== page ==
This chair is now largely claimed by a pile of coats or a small-but-large puppy that isn’t technically a puppy anymore but all dogs are puppies so she is, but when I got it, it belonged to me and some cats. I bought it before I had an apartment. I was living on my brother’s couch for a while, but I knew I’d have an apartment soon. I also knew that apartment would have no furniture, so I bought myself a chair. I aspired to a desk, but sometimes we have to stand on a phonebook to reach the stars, and nobody delivers phonebooks to people who live on sofas.
I wanted furniture, bought a chair because I could, built it as soon as we returned to a home that wasn’t mine, and I sat on it with some cats for a month until I moved into the shitty apartment that probably ruined the security deposit on my lungs. I remember being so motivated. I wanted something, and building that chair was easy because of that motivation to have something good and finished and with a rational and appropriate emotional payoff at the end.
And then I moved into that apartment, and it went mostly unfurnished for a few months. We found my bed next to a dumpster. I ordered a desk online. It took a long, long time to build that desk. I had wanted it more than the chair, been so excited for it to arrive, and then it did, and I couldn’t find the excitement anymore. Nobody told me much about depression until I was actively paying someone to sit me down on a couch and define it for me, so I didn’t know that it’s not just about being sad, and it’s not a constant. I felt fantastic when I bought my comfy cat chair. I felt the same when I put it together, and I felt the same when I ordered my desk. By the time the desk got to me, I couldn’t find any of the excitement I had for it, so I just slept on my dumpster bed and watched Futurama all day every day.
Putting the desk together without any motivation or expected emotional gratification was not easy. The weird directions were infuriating because I felt like I was thinking about them with half of myself while the other half was still facedown in bed. I remember I fucked up screwing in some integral portion of the desk, and I had to tear it out which made a damning plume of wood particles like confetti announcing that this desk would die like everything else. I coated the screw in glue and shoved it back in. I used a black marker to cover up the shredded wood surrounding the hole. Then the desk was done, and I thought “neat,” and I went back to watching the same 4 shows on the internet.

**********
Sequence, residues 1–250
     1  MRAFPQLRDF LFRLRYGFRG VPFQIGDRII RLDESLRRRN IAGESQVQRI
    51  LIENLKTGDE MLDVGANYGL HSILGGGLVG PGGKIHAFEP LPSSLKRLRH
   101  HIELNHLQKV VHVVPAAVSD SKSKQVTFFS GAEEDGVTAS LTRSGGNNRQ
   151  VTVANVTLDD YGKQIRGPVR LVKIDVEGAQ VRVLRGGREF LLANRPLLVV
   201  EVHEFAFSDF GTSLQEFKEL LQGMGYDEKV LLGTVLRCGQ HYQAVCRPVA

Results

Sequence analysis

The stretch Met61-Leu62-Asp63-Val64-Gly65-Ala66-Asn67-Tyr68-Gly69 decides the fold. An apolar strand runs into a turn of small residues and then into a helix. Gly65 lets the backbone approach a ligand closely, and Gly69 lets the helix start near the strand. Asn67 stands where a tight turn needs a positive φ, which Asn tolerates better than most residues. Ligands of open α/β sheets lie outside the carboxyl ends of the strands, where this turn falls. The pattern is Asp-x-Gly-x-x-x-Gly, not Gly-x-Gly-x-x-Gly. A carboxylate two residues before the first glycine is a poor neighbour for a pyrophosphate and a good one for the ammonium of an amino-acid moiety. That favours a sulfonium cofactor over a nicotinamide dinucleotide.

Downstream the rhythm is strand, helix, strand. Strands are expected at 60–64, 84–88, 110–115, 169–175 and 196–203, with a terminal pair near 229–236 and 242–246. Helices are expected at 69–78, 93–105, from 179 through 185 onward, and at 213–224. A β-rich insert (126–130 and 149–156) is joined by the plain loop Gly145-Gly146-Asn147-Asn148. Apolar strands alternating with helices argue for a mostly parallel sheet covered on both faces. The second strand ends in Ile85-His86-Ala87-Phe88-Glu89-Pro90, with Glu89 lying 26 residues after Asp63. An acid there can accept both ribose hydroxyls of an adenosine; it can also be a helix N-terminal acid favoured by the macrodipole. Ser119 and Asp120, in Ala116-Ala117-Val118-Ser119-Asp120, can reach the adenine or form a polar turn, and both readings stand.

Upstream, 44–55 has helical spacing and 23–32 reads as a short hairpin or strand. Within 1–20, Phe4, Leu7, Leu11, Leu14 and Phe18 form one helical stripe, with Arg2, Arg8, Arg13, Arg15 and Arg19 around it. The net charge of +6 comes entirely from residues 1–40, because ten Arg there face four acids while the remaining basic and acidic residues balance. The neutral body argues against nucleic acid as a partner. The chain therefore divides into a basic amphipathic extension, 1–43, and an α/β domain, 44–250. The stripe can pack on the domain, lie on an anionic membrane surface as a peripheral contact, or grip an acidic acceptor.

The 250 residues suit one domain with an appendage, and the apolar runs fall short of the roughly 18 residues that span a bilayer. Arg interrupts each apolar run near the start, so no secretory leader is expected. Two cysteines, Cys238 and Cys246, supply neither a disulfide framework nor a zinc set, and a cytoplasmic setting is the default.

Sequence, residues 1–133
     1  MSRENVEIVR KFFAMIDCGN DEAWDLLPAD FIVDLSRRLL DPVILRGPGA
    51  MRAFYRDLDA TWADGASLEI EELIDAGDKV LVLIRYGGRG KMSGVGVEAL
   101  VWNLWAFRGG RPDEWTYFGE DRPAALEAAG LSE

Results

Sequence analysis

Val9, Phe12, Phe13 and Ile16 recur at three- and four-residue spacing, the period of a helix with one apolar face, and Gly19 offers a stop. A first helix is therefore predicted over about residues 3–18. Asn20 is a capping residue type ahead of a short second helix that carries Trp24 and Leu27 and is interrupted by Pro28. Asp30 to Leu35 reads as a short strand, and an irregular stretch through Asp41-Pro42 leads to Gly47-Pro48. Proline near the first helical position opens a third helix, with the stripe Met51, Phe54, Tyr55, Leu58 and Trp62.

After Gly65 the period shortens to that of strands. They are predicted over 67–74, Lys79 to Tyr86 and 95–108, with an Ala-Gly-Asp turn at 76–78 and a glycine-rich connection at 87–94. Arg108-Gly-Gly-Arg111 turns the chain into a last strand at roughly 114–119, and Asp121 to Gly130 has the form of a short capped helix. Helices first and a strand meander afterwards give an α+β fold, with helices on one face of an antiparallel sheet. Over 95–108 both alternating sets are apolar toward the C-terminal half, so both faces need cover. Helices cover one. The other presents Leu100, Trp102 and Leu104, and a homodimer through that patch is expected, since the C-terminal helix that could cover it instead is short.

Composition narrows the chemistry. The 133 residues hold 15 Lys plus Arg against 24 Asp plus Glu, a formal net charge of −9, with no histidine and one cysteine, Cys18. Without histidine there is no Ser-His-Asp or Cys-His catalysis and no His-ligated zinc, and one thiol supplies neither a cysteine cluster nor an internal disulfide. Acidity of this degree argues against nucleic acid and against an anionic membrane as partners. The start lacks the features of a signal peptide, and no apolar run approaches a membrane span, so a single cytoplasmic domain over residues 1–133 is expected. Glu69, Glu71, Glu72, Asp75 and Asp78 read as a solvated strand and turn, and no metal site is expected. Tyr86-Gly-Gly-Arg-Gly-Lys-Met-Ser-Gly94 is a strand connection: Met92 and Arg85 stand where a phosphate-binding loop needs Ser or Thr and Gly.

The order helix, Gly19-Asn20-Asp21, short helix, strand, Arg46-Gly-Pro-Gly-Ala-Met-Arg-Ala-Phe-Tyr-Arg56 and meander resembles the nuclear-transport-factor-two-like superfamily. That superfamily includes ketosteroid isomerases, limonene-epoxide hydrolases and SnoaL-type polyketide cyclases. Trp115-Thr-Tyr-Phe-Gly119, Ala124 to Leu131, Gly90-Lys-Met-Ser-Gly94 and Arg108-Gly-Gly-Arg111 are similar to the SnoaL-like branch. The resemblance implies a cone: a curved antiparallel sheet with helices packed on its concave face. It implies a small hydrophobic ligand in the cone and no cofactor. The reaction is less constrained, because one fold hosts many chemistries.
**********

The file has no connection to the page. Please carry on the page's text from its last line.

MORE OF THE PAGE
I spent about 5 months in a low wave of apathy. I remember looking up what food I needed to keep myself mostly alive, so I started eating boiled beans, rice, and peas. I called it “Nutrient meal 1” because I’m snarky even when I aspire to becoming overeducated fertilizer. My grades were good only because I logically knew they needed to be. I didn’t care that about what the grades represented. I latched onto the external representation of accomplishment that I remembered having some importance to me beyond just being what I was expected to do. I would still go through little waves of being happy and motivated and normal, but I’d always come back to my damp apartment and begin trying to feel feelings through a plastic bag.
And then I started going to therapy. Because I wanted drugs. But I didn’t want drugs for depression. I wanted something to cure me of my anxiety over talking to crowds, and I was firmly in denial that this anxiety extended anywhere beyond having to run writing workshops. I went to therapy for the first time. I sat down, and she said something like “tell me about what’s on your mind,” and I said “I get nervous when I’m around people. One drugs please?”
She prescribed something to lower my blood pressure while I was anxious, and I thought it was a good day. But then she started asking me about my life, and she pinpointed the desperately obvious fact that I was depressed. Then she gave me more drugs and said something like “eat these to frown less,” and then I ate them. And frowned less.